If during key times of the month the percent of applied for credit approved drops, is it because the quality of the customers is down? Is it due to the economy or due to the sales force calling on the wrong market? Or is it because the credit guy isn't working hard enough to find ways to make profitable sales happen?  When Salespeople focus on quality customers and Credit people focus on both finding a way to make the deal happen and on the granting a larger credit line (never credit limit) than requested; the percent of credit approved should be more than 100% of the applied for credit amount. This is an important vital sign.

Another Vital Sign: Working Capital Flow

People talk about cash flow and how it’s the life blood of a business, but cash can flow both in and out of a business. The greatest source of cash flow in, Working Capital, is the A/R short term money due from customers. The proper management of A/R will result in good cash flow in, controlled bad debt and sustained repeat sales. Customers are much more likely to do future business with a supplier/vendor they are paying than with one that, for whatever reason, they have not paid.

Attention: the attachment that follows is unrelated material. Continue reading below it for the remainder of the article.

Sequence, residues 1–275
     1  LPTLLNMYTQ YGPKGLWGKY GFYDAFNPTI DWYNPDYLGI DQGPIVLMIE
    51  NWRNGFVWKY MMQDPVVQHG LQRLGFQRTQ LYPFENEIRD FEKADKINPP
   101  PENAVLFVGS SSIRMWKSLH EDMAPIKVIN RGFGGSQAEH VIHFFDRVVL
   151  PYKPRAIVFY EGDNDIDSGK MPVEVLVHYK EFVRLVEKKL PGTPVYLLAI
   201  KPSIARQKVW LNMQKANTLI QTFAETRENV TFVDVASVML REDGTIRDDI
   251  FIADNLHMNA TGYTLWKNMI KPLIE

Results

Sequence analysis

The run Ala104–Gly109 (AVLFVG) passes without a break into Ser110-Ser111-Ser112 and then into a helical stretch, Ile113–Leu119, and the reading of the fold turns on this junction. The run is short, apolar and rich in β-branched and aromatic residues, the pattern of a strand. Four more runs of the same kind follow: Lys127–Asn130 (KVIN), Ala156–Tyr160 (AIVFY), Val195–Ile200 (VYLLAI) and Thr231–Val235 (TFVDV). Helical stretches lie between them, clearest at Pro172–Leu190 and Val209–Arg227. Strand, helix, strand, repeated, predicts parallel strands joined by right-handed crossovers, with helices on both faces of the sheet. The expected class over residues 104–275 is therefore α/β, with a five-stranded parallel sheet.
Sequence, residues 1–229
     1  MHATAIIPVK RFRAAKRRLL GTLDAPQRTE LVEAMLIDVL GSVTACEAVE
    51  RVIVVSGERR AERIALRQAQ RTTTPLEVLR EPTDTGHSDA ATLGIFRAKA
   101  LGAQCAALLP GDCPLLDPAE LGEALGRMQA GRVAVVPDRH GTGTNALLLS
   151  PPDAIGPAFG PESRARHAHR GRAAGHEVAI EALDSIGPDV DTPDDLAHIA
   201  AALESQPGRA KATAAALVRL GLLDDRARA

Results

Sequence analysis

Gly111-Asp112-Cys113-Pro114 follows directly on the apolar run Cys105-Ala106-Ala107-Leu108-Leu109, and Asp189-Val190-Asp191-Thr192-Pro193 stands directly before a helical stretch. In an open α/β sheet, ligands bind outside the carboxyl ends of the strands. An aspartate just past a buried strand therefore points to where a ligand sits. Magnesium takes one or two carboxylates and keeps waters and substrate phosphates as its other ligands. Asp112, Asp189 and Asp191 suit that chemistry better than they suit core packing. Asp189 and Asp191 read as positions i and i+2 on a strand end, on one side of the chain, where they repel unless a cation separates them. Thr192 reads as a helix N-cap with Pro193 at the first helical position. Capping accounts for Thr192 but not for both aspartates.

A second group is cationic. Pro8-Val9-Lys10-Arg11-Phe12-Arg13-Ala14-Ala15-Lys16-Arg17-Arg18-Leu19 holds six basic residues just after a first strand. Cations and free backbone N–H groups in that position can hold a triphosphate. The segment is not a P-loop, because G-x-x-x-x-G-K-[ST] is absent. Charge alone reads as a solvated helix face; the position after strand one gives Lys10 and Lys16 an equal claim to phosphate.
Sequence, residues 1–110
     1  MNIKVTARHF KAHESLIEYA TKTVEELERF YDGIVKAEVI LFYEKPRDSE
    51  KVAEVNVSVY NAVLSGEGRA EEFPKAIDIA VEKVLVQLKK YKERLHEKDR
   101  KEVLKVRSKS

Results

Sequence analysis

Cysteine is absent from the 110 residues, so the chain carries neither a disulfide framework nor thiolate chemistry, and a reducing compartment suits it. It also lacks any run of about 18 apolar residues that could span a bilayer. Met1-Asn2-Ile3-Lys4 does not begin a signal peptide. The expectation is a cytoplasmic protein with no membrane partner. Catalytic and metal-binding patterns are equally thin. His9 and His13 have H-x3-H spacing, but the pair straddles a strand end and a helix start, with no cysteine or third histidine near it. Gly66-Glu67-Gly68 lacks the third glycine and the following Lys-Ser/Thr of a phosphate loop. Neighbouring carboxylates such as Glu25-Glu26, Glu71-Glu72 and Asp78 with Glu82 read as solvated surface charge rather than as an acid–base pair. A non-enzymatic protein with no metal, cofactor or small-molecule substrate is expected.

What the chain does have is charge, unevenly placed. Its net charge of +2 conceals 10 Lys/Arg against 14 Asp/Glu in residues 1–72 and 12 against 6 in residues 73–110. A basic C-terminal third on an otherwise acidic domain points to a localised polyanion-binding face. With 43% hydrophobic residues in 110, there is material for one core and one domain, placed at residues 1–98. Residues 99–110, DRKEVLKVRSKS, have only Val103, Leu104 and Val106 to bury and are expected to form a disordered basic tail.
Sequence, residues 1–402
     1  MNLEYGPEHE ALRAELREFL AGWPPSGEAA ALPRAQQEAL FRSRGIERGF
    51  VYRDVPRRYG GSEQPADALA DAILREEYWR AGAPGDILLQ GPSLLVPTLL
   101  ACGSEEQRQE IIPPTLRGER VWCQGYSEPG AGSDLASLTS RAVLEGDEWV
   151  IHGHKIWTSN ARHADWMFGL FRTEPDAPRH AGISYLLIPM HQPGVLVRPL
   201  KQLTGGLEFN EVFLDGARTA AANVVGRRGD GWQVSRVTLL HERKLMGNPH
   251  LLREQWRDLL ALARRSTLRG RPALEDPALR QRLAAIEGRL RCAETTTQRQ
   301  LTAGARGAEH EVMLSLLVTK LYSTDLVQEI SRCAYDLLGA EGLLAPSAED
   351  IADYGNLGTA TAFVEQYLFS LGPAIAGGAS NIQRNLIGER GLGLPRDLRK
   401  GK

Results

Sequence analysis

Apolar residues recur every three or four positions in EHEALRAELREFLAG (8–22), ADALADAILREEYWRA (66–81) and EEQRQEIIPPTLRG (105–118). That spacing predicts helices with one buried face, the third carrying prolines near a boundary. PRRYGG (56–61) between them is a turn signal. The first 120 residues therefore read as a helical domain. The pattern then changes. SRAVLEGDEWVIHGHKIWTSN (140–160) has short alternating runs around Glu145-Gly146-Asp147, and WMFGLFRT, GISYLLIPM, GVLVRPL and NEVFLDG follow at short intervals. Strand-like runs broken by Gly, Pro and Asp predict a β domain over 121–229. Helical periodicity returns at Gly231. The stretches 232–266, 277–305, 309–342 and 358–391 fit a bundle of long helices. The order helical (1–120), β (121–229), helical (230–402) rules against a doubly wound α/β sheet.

The daily payment percent during key times of the month and the PDI (payment days index) at the end of each month are vital signs directly connected to cash flow in, bad debt, and repeat sales. Remember the most profitable sales have yet to happen. 

 TOS (for each term of sale) 
PDI =  Payment Percentage  (end of month)

Start with the beginning total A\R balance as of the first of the month. This means all A/R regardless of age. Any new credit sales made during the month will be picked up in the following month's beginning total A/R balance.